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#800, 24 July 2002
The Impetus behind Limited War Firdaus AhmedFreelance writer on security issues In his article 'Limited War in a Nuclear Backdrop' PR Chari hints that the armed forces are the constituency behind recent Limited War theorizing and the current impetus to waging Limited War. This is not entirely exceptionable given that the military dimension of national security is viewed as the domain of its social responsibility by the military in any democratic polity. Since the onset of nuclearisation has rendered ‘Total War’ unthinkable, ‘Limited War’ must of necessity be central to the military input into decision making. The military is indeed charged with the responsibility to furnish options that would ensure in conflict ‘limitation’. If it does not address itself to this aspect, in its strategic and operational planes, it would be negligent of its mandate.

There are two other drivers behind military reflection on ‘war in a nuclear backdrop’. One is its own institutional interest, in that the compelling logic of nuclearisation is in the obsolescence of military force as an extension of interstate politics. The argument against this in favour of continued utility of military force is that conventional capability thrusts the nuclear threshold upwards and thereby contributes to security, if only in a perverse manner.

The second motivation is to counter the received theory that ‘deterrence’ is in respect of deterring ‘war’. The Indian military’s contribution has been in contesting accepted wisdom by suggesting that nuclear weapons deter nuclear use rather than ‘war’ itself. The concept has origin in the need to restrict the sub-conventional space created for conflict in the nuclear era – that is being exploited by our neighbour with relative impunity. It is deemed that deterrence for the same is a conventional one, holding out the promise of limited war as conventional retribution.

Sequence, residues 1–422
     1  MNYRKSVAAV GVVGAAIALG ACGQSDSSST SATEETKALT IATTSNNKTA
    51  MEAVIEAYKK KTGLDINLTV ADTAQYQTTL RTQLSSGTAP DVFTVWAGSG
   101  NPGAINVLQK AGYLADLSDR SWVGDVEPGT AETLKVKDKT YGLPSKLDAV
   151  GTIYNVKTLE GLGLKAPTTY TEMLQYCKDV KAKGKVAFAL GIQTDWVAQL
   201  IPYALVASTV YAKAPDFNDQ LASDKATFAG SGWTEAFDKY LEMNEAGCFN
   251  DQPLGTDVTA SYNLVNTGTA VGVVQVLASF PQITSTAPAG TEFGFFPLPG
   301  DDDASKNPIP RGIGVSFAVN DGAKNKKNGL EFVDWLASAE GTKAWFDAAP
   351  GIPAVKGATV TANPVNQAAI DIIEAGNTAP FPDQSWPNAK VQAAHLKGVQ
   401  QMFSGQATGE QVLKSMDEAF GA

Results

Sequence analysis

In the current political circumstance, it is understandable for the military to appear responsive to its conservative political masters. For it to give its position a favourable 'spin' can also be absolved as part of bureaucratic politics. It is a political level prerogative to gauge the acceptability of options provisioned by the military. The military can at best inform the decision maker on the possible consequences of exercise of the military option. In this respect, it would appear that the political leadership has done well enough thus far in not hastening into hostilities. This could also be on account of the military's own apprehensions conveyed to the political leadership, unbeknownst to us for obvious reasons.

It is very likely the case that the military is equally keenly aware of the nuclear factor as is Mr Chari. It makes good sense not to present itself as being overly concerned by the same, lest the adversary take it as license to continue to bleed the country in the manner it has over the past decade. Therefore, for want of more evidence than that overtly available, one can only reserve one's judgment on the manner the Indian military, and indeed the political leadership, has conducted itself in the period of the current crisis.

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